That the Bill be now read a second time.
My Lords, this Bill seeks to make a one-line amendment to the Children Act 1989, but it would considerably extend protection to young girls at greatest risk of genital mutilation, and I can think only that its current omission is simply an oversight. I will begin and end with one startling fact. If a child is at risk of forced marriage or violence from, say, a habitually drunk father, the family court has all the full protective powers a court can offer, up to and including making an interim care order. But if a child is at serious risk of having her genitals mutilated, it does not. The powers fall far short, and all that can be done is to make an FGM protection order and hope for the best. How can that be right or logical? I will try to explain the difference between the two and will give some background to the genesis of the Bill.
When I joined your Lordships’ House in 2013, I came with music and music education as my main calling cards. But then I attended a debate on FGM, initiated by the late and much missed Ruth Rendell, Baroness Rendell of Babergh, and I was stunned and appalled by what I heard. I simply could not believe that in our country, girls were being subjected to a barbaric procedure that often leads to infertility, sepsis, pain and severe curtailment of sexual pleasure, performed all too often with dirty razor blades and in far from sterile conditions.
This custom has no basis in religion—in the Koran, for example—and as countless distinguished medical experts have told your Lordships’ House in previous debates, it cannot be justified for medical reasons: in fact, quite the reverse. So when Baroness Rendell died in 2015, and on hearing that many thousands of girls were considered at risk in this country—the figure of 60,000 was mentioned in one debate—I decided to take up the gauntlet and have asked Questions and tabled debates ever since, and will continue to do so.
Despite it being illegal since 1985—thanks again to Lady Rendell—there has not been a single successful prosecution of FGM in this country. That is regrettable, because it would certainly send a signal. However, I do not unduly castigate the Government for that—it is an extremely sensitive, delicate, cross-cultural problem—and I have come to agree with them that education is the most important resource in our armoury. We simply have to change the attitude to FGM that has been passed down the generations, largely by grandmother to mother to granddaughter, but in the alleged interests of men, who it is thought will welcome only girls who have not been sexually active. Therefore, FGM is designed to create a physical barrier to normal sexual activity but also a psychological one, in that it is supposed to lessen desire and lustful thoughts. Just imagine the long-term consequences of this and all the physical things I have mentioned for a woman.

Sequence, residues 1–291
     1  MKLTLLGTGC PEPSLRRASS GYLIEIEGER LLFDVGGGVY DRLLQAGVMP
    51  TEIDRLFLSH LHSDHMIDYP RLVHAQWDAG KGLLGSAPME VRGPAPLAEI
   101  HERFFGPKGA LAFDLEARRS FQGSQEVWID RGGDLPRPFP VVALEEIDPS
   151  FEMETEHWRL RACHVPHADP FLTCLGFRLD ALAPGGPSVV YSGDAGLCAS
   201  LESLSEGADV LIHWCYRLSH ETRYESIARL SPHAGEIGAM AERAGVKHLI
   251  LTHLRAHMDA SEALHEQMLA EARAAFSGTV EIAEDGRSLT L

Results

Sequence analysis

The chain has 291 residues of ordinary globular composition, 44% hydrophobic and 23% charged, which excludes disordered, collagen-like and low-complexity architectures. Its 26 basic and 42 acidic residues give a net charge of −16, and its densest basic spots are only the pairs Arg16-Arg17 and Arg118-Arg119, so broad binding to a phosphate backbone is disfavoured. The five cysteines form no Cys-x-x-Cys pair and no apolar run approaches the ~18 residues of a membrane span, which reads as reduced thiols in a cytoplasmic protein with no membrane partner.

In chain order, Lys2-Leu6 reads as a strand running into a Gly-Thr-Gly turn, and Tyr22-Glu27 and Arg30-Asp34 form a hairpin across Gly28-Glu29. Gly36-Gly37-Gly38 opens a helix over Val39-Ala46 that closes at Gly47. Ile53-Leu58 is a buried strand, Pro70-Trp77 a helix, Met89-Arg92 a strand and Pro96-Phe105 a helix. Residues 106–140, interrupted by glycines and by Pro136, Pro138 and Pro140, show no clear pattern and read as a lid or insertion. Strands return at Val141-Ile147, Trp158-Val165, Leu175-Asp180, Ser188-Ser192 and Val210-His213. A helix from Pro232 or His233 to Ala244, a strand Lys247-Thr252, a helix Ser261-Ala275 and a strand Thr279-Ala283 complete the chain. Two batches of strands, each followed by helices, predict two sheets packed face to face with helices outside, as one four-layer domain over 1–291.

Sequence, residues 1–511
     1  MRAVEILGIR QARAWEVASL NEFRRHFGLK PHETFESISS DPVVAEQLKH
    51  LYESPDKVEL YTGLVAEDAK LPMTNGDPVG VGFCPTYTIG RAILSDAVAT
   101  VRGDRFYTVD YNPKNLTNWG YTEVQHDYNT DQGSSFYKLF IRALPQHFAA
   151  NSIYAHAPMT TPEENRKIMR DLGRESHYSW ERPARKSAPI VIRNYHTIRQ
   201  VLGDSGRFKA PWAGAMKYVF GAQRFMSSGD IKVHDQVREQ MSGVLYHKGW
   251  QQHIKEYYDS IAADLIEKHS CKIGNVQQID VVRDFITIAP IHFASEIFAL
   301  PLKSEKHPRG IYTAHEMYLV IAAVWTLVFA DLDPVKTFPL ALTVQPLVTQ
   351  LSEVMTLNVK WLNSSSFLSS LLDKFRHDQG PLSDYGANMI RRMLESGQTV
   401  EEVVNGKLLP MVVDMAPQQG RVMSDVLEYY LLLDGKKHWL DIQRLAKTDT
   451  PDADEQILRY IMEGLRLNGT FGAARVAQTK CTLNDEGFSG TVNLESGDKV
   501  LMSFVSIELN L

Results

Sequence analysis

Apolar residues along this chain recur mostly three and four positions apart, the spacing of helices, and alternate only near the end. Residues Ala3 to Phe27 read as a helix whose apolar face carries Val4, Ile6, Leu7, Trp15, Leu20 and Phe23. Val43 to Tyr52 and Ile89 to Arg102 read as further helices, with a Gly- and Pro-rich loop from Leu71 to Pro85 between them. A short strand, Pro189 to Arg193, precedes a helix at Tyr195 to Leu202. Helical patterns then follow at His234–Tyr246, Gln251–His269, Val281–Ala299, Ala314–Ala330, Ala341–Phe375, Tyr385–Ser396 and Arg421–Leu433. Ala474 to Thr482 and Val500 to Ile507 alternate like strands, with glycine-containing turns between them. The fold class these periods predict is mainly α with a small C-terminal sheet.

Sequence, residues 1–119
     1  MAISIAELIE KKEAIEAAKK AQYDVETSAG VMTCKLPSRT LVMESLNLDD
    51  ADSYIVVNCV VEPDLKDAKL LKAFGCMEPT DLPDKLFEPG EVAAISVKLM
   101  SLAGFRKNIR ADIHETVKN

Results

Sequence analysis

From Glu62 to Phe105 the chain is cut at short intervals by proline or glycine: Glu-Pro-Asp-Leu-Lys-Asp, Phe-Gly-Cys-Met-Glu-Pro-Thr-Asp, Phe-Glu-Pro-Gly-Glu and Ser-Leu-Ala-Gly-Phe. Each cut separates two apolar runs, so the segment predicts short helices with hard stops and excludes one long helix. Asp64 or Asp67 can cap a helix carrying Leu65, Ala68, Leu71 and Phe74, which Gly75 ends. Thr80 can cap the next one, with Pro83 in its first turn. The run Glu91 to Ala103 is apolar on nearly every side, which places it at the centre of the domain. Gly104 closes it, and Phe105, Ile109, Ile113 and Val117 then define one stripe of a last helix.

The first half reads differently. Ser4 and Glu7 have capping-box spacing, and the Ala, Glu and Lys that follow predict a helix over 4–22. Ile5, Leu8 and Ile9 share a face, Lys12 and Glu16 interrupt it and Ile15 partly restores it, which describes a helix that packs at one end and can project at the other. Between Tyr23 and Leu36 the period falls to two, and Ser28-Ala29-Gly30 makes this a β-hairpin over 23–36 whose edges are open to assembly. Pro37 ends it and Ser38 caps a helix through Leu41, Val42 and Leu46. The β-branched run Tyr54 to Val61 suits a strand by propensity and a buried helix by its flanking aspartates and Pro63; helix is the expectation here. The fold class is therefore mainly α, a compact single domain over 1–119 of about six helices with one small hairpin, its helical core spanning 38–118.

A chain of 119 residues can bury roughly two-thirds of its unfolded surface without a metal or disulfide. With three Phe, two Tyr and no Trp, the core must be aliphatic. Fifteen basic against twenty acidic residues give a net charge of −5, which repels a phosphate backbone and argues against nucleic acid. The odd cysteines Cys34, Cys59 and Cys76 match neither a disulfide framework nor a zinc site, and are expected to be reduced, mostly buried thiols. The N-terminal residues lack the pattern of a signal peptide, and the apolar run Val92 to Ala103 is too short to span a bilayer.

Therefore, I welcome the decision that made mandatory the reporting of FGM in the National Health Service. The figures are not reassuring, and at this stage I thank the Library for providing the latest figures, as requested. In 2015-16, there were 9,223 reports, of which 6,080 were newly recorded. Between April 2016 and March 2017, 9,179 reports were recorded, of which 5,391 were newly recorded cases. Between January and March of this year, 2,320 attendances were already reported, of which 1,030 were newly recorded cases affecting women or girls. These shocking figure reveal just why we and the courts desperately need to have every form of protection available.
Having secured attention for this problem in your Lordships’ House, I was contacted by a barrister, Mr David Maddison, who from great experience—18 years of working in family law and with the police in Manchester—wrote to me explaining that a simple change in the law would enormously help the protection of the young girls most at risk of FGM. Based on his notes to me—this is our case—the power to make female genital mutilation protection orders is in Schedule 2 to the Female Genital Mutilation Act 2003. This is in effect a stand-alone statutory code.
Lots of other remedies in the family courts also exist as stand-alone codes—for example, non-molestation orders are made under the Family Law Act 1996. Courts also have the power under the Children Act 1989 to make interim care orders when they are so concerned about a child’s welfare that the court wants a local authority to intervene and share parental responsibility. This is a very useful way for judges to alert local authorities to children who might have slipped beneath their radar. Crucially, however, the Children Act is not a stand-alone code in the sense that it allows a court to make interim care orders in any family proceedings.